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Garam Masala Chicken with Fig Jus
© Quentin Bacon

Garam Masala-Crusted Chicken with Fig Jus

  • ACTIVE: 30 MIN
  • TOTAL TIME: 2 HRS
  • SERVINGS: 4

At DeWolf Tavern in Bristol, Rhode Island, Sai Viswanath prepares everything from cauliflower to lobster in his wood-fired tandoor oven, which imparts a slightly smoky flavor. In contrast, for the American home cook, Viswanath developed this crispy cumin-and-coriander-spiced chicken, roasted in a Western-style oven. In another departure from Indian tradition, Viswanath cooks the bird whole instead of in pieces.

  1. 1/4 cup plus 1 tablespoon garam masala (see Note)
  2. 3 tablespoons vegetable oil
  3. Two 3 1/2-pound chickens
  4. Salt
  5. 2 cups chicken stock or low-sodium broth
  6. 8 garlic cloves
  7. 1 teaspoon tamarind paste (see Note)
  8. 4 dried Black Mission figs, stemmed and quartered
  9. 1/4 cup honey
  10. Freshly ground pepper
  1. Preheat the oven to 450°. In a small bowl, mix the garam masala with the oil. In a roasting pan, rub the chickens all over with the garam masala oil and season with salt. Roast the chickens for 15 minutes. Reduce the oven temperature to 350° and continue roasting for 1 hour and 15 minutes, basting twice. Return the oven temperature to 450° and crisp. Transfer the chickens to a carving board and let them rest for about 10 minutes.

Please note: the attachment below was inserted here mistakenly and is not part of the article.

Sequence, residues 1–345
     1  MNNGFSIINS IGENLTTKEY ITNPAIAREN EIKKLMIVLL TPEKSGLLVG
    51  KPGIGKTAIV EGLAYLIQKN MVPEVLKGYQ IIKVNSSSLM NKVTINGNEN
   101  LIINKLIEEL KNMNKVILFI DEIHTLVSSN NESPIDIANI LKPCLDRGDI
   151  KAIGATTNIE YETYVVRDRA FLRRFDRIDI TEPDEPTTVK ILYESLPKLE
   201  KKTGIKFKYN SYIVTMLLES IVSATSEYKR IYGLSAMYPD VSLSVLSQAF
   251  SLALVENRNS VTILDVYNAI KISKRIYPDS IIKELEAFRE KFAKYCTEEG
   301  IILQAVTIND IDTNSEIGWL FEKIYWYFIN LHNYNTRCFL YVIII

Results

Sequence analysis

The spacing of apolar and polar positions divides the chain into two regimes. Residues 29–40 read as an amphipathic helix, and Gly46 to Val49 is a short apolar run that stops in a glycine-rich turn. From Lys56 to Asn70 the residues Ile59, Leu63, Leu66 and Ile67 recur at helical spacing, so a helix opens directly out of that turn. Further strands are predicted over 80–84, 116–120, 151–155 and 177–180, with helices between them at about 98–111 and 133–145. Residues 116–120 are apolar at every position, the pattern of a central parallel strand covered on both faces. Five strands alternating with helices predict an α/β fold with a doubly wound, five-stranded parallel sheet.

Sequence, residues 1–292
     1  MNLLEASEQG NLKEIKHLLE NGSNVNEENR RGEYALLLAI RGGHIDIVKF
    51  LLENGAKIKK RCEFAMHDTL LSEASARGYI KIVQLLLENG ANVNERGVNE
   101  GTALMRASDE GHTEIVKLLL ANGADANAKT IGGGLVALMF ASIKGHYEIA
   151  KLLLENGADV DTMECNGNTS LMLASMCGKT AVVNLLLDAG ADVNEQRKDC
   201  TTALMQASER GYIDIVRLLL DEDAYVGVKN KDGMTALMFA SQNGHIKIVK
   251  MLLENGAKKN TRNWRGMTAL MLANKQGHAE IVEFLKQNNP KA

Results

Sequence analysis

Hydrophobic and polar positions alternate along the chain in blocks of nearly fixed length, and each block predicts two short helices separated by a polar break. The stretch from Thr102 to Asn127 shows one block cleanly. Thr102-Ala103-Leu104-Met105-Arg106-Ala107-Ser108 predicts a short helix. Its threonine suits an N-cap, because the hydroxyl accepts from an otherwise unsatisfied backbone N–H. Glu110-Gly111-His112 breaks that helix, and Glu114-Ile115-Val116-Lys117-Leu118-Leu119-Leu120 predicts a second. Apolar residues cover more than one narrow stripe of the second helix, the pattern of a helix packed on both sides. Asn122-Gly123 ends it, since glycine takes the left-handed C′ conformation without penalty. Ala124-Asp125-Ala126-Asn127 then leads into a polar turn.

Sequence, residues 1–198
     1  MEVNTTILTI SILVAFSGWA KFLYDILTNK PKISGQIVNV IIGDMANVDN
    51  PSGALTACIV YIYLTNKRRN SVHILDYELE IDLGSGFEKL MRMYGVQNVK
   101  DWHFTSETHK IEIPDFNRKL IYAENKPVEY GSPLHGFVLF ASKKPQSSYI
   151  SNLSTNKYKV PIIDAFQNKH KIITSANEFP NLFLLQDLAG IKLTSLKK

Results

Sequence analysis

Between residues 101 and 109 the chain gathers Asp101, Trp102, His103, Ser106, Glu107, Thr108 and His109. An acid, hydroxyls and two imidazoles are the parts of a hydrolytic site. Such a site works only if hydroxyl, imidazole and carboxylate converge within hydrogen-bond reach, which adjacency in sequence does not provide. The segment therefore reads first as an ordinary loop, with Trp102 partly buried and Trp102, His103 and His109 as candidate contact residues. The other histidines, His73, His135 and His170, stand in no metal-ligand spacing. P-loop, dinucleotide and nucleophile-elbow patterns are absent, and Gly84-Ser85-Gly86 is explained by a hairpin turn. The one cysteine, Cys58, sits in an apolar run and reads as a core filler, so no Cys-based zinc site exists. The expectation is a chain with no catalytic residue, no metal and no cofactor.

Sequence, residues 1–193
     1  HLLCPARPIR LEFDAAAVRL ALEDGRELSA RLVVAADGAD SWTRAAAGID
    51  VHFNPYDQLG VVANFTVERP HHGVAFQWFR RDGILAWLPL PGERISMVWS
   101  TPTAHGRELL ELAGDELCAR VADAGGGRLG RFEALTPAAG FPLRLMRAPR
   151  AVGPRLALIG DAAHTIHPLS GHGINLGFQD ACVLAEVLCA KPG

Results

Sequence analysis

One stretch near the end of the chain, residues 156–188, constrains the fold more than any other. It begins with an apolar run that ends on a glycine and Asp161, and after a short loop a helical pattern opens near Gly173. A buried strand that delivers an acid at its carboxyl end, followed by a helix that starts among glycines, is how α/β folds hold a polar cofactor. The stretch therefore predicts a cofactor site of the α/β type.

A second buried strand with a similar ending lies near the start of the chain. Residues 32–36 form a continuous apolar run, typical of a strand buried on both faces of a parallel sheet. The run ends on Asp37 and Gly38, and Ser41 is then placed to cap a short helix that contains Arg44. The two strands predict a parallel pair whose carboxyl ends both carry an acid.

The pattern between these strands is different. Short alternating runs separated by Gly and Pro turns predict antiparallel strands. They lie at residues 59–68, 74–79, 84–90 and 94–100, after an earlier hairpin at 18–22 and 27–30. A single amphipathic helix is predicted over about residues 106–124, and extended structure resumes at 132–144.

2. Meanwhile, in a medium saucepan, combine the chicken stock with the garlic and tamarind paste and bring to a boil over high heat. Reduce the heat to low and simmer until the garlic is very soft, about 40 minutes. Strain the stock through a coarse sieve and press the garlic through. Stir in the figs and honey, cover and let steep until the figs are tender, about 10 minutes.
  3. Carve the chicken. Reheat the fig jus, season with salt and pepper and serve with the chicken.
Notes Tamarind paste is available at Latin, Asian and Indian markets and specialty food shops. To make Viswanath's recipe for garam masala, go here.

Suggested Pairing

Grenache is one of the most widely planted red grapes in the world, so, not surprisingly, it's known by different names in different places—Garnacha in Spain, Cannonau in Sardinia. No matter where it's grown, though, its sweet cherry flavor and modest tannins pair well with this complexly spiced chicken.

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